Normalizing a Nuclear Middle East

“Israel makes provocatively timed inflammatory announcement” seems to be a headline with plenty of mileage these days. While the settlement announcement during Vice President Joe Biden’s visit is getting the spotlight, I’d say the news out of Paris — where Israel’s infrastructure minister announced its intentions to build a civilian nuclear reactor — is even more significant, for muddying the waters on so many different high-stakes fronts at once. To bullet-point them in no particular order:

– It puts France and the U.S. on the spot regarding a potential non-NPT “India exception” for Israel, at the very moment when both are trying to round up support for sanctions against Iran’s non-compliant — but NPT-bound — nuclear program.

– It normalizes the simultaneous possession of an opaque weaponized nuclear program and a transparent civilian nuclear program at the very moment when fears of this very normalization are at the top of the regional agenda.

– It illustrates the glaring contrast between Israel’s perception of Syria’s rights as an NPT signatory (i.e., unilaterally bombed-out suspect facility) and its perception of its own presumed rights as a non-NPT signatory nuclear weapons state (i.e., international cooperation in developing a nuclear energy program).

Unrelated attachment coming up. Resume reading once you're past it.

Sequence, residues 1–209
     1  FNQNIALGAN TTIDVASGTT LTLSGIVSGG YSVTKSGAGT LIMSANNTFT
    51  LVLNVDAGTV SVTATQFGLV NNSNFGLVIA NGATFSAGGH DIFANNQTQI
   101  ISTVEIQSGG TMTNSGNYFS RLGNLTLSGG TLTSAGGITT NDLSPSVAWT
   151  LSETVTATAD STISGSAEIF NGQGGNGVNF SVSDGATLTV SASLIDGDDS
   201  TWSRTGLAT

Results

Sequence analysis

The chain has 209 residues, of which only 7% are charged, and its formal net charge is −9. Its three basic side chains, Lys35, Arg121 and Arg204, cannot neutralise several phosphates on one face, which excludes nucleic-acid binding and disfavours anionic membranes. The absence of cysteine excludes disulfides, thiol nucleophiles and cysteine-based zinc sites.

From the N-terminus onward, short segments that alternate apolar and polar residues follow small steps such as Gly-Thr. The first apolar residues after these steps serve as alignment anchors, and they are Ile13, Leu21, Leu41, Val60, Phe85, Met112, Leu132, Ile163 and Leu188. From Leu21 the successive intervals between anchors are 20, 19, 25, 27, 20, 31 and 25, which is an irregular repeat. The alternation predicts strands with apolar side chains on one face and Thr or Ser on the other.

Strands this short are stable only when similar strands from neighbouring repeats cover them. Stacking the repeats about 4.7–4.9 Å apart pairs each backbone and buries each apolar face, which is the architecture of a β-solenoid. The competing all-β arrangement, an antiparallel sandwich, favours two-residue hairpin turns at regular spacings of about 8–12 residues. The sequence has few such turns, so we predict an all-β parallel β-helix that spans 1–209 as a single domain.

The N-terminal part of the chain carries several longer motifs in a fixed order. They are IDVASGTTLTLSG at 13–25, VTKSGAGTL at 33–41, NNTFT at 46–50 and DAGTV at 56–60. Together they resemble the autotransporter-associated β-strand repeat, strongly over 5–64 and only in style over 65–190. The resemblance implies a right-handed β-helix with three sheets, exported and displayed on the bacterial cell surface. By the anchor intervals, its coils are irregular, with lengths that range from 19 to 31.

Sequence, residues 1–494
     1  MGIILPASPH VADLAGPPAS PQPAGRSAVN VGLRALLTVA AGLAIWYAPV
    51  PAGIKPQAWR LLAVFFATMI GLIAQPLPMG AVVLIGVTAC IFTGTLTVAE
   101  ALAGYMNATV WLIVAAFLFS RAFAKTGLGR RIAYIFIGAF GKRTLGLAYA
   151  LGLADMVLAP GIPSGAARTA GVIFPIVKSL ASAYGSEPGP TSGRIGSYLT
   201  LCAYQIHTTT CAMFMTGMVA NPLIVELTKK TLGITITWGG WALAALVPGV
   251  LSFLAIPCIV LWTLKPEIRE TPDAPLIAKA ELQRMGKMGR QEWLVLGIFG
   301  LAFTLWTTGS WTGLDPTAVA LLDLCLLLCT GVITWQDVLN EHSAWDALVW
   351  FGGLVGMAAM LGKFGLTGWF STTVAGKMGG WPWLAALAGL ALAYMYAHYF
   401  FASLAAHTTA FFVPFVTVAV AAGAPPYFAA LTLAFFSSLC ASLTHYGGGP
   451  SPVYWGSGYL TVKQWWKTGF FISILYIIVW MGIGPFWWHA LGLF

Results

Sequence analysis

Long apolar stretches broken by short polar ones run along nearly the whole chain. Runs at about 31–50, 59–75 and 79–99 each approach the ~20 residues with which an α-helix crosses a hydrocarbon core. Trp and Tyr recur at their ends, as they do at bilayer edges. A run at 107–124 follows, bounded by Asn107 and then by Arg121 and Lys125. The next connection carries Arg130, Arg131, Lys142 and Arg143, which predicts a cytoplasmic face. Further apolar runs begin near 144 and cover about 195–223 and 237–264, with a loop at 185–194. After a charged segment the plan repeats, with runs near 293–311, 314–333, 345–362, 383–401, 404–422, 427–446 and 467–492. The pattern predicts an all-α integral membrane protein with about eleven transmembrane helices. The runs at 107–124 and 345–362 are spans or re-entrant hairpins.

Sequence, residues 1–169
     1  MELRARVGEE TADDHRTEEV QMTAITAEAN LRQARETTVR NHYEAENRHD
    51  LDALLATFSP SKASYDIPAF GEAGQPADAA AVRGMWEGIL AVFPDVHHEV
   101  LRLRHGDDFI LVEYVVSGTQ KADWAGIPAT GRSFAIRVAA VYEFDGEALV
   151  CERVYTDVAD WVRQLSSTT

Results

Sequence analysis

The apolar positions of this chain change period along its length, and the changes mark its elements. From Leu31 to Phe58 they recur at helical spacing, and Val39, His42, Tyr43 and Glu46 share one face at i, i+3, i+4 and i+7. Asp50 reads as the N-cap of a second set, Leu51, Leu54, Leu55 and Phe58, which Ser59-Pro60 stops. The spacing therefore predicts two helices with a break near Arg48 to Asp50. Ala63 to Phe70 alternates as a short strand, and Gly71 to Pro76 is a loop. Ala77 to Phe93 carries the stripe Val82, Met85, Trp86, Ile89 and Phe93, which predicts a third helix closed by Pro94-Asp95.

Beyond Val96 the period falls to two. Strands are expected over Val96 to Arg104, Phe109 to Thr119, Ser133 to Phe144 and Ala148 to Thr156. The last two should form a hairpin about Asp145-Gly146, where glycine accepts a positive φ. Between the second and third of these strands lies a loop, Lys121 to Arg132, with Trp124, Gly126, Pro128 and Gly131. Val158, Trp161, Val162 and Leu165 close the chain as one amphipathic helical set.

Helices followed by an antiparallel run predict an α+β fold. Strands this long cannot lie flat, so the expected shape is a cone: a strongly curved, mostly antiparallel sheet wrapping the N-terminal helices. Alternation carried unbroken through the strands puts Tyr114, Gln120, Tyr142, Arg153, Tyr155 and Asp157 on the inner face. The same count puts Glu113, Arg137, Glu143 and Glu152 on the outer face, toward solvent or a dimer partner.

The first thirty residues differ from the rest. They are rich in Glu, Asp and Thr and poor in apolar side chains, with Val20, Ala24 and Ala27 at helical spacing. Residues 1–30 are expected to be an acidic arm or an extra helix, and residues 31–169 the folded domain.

There are already many ways in which Israel’s “ambiguous” (i.e., silent) nuclear posture significantly complicates the effort to simultaneously normalize civilian nuclear energy in the Middle East while discouraging a regional nuclear arms race. But vividly broadcasting the inconsistencies of that posture in such a tone-deaf way displays either an ignorance of the optics surrounding the issue or a willful disregard of them.

2010 has been a pretty bad year so far for Israeli diplomacy. Hopefully it gets better, because it’s hard to see how it could get worse.